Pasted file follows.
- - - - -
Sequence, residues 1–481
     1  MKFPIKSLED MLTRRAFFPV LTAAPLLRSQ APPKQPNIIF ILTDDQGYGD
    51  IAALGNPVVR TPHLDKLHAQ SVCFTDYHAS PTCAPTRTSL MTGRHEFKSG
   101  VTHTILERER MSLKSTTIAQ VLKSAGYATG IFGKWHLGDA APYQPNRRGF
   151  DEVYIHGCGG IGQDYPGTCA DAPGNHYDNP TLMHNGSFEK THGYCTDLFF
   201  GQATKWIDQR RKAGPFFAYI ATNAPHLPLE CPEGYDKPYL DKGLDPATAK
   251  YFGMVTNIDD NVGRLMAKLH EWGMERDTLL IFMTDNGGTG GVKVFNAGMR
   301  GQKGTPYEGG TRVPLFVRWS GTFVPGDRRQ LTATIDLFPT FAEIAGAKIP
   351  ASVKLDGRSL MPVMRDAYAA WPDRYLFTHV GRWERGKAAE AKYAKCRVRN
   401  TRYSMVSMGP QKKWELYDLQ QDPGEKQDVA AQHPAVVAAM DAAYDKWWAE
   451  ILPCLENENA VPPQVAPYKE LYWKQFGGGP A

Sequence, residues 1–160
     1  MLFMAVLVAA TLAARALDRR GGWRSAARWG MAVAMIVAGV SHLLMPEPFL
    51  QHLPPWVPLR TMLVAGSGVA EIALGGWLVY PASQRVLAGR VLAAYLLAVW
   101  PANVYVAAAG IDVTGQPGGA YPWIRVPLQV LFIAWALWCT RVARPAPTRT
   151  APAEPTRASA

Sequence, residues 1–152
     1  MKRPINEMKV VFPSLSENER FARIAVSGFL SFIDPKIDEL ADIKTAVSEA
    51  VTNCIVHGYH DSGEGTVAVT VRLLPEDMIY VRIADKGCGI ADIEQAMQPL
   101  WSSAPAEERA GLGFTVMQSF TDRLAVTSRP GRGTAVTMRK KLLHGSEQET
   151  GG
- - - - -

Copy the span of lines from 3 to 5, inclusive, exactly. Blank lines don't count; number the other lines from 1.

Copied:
    51  IAALGNPVVR TPHLDKLHAQ SVCFTDYHAS PTCAPTRTSL MTGRHEFKSG
   101  VTHTILERER MSLKSTTIAQ VLKSAGYATG IFGKWHLGDA APYQPNRRGF
   151  DEVYIHGCGG IGQDYPGTCA DAPGNHYDNP TLMHNGSFEK THGYCTDLFF